Convince your bank that you’re mortgage-worthy

Convince your bank that you’re mortgage-worthy

People with low FICO scores do get home mortgages, even today. Here’s how they do it.

By Marilyn Lewis

If your credit score is in the tank, you might think you’re out of luck when it comes to getting a mortgage. But that’s not necessarily true. Despite the tight-credit era ushered in by the housing crash, people with FICO scores in the 600s and below do get mortgages.

If your credit score is below 680, there are three important things to know before you apply:

1. You’ll need to be prepared to pay more for a mortgage than someone with a stronger credit score. How much more? We’ll get to that in a minute.

2. When you have “impaired” credit, your ability to get a mortgage hinges to a large degree on the answer to this question: Why is your credit score low?

3. It’s hard to get these loans. You’ll have the best luck with a mortgage broker, loan officer or lending company with expertise in helping low-score borrowers.

You’ll pay more The best interest rates go to mortgage borrowers with scores of 720 and above. However, many people are surprised to learn that home loans do still exist for people with flawed credit.

Slide show:              The best home loan for your credit score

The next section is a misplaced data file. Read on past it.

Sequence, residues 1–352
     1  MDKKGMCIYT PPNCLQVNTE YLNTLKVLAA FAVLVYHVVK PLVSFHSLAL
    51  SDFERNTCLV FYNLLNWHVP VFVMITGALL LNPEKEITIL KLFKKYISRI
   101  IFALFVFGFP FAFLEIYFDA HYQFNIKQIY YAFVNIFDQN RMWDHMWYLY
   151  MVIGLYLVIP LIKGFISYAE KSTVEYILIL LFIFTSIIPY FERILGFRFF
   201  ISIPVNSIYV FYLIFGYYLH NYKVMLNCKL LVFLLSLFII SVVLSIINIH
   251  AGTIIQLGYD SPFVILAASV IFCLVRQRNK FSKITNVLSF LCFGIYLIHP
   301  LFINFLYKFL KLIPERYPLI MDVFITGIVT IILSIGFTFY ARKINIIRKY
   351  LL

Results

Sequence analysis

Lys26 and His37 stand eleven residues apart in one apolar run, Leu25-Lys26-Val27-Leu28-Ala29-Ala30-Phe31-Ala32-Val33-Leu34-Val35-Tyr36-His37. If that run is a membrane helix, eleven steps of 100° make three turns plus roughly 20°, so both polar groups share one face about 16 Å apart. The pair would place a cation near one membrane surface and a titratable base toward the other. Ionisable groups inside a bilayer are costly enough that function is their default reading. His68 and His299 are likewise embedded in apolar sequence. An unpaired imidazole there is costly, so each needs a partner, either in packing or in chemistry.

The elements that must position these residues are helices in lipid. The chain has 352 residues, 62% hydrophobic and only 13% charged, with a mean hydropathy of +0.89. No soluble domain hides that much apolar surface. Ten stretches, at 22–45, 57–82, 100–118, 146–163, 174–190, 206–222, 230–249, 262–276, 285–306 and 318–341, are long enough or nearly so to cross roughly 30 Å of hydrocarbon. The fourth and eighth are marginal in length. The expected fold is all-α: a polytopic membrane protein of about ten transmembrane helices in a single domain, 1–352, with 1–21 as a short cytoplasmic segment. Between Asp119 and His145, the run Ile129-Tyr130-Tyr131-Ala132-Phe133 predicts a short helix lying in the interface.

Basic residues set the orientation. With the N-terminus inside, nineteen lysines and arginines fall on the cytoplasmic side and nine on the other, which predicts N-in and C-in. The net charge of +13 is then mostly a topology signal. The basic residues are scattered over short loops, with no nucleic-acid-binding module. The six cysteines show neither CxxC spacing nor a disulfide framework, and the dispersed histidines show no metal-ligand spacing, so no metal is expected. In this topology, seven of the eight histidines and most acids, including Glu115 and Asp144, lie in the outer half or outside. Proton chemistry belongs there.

The catch? It will cost you more. Often, a lot more. You can experiment with the calculator at MyFico to see the differences. Here’s an example of the added interest costs on a $200,000 mortgage:

Low credit scores pay more
FICO score Rate Payment*
760 to 850  3.986% $958
700 to 759  4.208% $984
680 to 699  4.385% $1,005
660 to 679  4.599% $1,031
640 to 659  5.029% $1,084
620 to 639  5.575% $1,152
*Note: Based on a $200,000, 30-year fixed-rate mortgage
Source: MyFico

Before committing to an extra-high-priced mortgage, ask yourself: Is purchasing hundreds of thousands of dollars’ worth of real estate the best for your finances right now? You may do better by paying debts and re-establishing solid a financial footing. For trustworthy help, call the National Foundation for Credit Counseling at 800-388-2227 and check out this guidance from the Consumer Financial Protection Bureau.

But not all low-score borrowers are in hock. Doctors, for example, are “notorious” for having bad credit, even with solid incomes and lots of cash in the bank, says Eric Mitchell, vice president at Priority Financial Network, a mortgage bank based in Calabasas, Calif. “It’s common to see a doctor making $500,000 a year living below their means with a 580 credit score because they’re so busy doing what they do [that] they forget to pay their bills on time,” he says.

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